CLEVELAND — Kaalah Hale is now the kitchen manager at Green Rooster Farms, reopened for three weeks now.
She’s returned to Driftwood Hospitality, where she first worked five or six years ago. “I started as a server, for catering, I've just kind of moved my way up,” she said.
Like the story you’ve heard – restaurants have had a hard time finding help. What’s different with Driftwood Hospitality is boosting employee benefits, implementing culture changes to make the work more attractive.
“A lot of other restaurants were trying to hire me, but they weren’t paying enough. Honestly, it’s the pay and the company,” said Hale.
“Our biggest challenge right now, and it probably sounds like a broken record, is staffing,” said Chris Hodgson, the president of Driftwood. “When I started cooking, I was maybe making $8 an hour. I think our starting wages now it’s between $15 and up to $22, $23 dollars an hour,” he said.
In addition, Driftwood has arranged for special rates with Kinder Care, to cover the bulk of childcare fees. Other benefits include discounted cell phone rates, free meals, mental health support, and on-the-job training.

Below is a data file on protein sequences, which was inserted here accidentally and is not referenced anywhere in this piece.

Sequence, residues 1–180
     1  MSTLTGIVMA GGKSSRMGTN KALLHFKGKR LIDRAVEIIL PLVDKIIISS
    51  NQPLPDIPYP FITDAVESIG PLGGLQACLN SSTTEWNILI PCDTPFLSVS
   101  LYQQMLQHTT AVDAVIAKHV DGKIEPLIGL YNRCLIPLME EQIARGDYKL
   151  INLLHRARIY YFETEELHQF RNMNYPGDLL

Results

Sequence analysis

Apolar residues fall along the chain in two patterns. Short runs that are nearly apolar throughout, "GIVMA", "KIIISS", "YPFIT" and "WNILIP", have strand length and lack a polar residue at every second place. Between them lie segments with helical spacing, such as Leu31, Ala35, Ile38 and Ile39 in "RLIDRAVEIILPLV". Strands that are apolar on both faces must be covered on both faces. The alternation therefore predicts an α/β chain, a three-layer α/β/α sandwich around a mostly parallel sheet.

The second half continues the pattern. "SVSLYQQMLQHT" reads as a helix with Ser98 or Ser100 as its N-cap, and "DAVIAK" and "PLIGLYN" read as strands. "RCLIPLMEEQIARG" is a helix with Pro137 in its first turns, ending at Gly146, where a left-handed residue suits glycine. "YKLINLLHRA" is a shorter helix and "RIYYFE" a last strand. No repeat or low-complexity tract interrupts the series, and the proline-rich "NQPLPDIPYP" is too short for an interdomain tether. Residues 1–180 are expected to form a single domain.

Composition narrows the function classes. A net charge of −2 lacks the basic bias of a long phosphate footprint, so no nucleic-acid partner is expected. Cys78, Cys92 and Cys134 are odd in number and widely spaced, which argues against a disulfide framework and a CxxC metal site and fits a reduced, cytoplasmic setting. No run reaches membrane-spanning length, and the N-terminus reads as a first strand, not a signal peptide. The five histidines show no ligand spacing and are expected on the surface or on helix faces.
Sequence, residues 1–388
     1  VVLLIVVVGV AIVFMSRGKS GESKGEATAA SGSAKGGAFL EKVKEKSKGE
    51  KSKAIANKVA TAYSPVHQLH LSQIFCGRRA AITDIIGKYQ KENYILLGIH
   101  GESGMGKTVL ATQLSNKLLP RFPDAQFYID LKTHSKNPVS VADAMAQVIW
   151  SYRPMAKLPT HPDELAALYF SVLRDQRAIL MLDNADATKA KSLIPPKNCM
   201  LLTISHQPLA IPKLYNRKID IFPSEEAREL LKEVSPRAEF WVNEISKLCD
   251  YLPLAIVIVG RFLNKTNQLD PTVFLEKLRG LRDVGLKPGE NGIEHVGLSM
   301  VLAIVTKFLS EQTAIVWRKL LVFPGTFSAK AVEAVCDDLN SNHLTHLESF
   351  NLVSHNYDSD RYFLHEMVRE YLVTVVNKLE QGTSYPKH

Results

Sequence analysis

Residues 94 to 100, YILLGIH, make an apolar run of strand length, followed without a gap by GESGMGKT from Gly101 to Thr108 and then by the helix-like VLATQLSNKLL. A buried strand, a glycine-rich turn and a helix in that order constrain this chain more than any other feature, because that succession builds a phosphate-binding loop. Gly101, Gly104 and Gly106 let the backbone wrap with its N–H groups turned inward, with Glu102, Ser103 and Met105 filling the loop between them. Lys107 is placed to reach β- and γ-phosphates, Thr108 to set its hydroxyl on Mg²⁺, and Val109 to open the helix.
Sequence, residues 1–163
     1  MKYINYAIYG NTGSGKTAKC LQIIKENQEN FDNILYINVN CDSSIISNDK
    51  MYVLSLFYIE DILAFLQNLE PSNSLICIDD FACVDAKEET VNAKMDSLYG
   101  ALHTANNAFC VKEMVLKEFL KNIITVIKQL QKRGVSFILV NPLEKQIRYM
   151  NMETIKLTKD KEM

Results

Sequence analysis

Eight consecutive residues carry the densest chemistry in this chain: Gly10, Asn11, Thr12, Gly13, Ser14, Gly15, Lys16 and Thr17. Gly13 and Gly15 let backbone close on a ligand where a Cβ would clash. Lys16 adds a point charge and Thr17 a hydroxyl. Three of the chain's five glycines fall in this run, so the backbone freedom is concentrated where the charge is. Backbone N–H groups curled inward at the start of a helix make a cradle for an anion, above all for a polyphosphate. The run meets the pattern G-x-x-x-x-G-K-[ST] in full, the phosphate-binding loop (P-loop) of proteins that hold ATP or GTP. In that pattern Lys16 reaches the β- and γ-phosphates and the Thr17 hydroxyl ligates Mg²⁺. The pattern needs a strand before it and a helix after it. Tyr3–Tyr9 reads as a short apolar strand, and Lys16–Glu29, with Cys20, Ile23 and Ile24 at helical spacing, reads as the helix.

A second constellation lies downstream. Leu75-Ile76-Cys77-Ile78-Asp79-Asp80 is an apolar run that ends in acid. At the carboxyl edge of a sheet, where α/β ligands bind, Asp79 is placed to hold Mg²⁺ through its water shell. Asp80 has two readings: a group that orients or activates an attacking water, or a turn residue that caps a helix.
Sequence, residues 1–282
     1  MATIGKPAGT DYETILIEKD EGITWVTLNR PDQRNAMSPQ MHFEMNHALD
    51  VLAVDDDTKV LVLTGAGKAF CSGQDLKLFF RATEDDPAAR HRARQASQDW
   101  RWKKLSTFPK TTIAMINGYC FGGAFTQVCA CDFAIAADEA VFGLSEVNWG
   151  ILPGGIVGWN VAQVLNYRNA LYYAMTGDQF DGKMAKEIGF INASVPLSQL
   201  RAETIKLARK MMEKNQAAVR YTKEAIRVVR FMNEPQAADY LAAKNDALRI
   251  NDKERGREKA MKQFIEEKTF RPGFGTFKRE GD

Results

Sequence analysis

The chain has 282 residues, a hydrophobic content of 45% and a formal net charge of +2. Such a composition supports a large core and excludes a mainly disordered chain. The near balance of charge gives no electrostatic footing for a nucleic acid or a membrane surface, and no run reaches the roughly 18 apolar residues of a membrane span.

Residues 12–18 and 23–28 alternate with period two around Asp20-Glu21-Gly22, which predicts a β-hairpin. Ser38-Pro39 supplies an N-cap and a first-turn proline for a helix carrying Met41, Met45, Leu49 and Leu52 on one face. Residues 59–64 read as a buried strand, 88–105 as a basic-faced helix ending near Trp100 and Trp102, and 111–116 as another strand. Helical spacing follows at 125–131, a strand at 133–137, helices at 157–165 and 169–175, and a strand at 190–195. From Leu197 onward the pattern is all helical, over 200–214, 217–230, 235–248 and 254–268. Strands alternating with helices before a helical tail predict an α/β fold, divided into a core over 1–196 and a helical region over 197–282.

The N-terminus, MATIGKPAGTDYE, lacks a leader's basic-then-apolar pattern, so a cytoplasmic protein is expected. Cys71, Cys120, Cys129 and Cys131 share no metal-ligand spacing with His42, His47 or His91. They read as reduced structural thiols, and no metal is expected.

“When we started talking to our employees, we were finding the dishwashers were working in the morning, coming here and working and then potentially doing a third shift. And you can burn out doing that,” said Hodgson. “We said we have to stop the turnover. We need to build a family. We need to make sure that they know we’re invested in them. That we’re going to pay them a fair living wage, that they’re going to be able to hold one job, go home, take care of their families.”
With that new outlook, Driftwood is looking to hire 450 employees, in a variety of roles, from full-time to flexible positions.
“We’ll be opening concessions at Playhouse Square, all of the restaurants are reopening, the special events that we have…” he said.
“Paying your workers a livable wage while trying to live in Cleveland, rent’s just not cheap, and a lot of employers need to realize that like Driftwood has,” said Tyler Elliott, who just started a few weeks ago. He’s fulltime, while they work around his graduate school schedule at CSU.
Benjamin Good has been promoted to general manager.
“You need a lot of flexibility for sure. You need to be able to jump where they need you to go,” said Good. “We are always in need of more employees, more hands, more workers, people that are dedicated, willing to put in the time, it's really hard to find people like that.”
Hodgson says the catering business is busy already. And restaurants are coming back online now - as more workers return to downtown.
If you’re interested, you can find more information and apply by clicking here.
*Editor's Note: The video in the player above is from a previous report.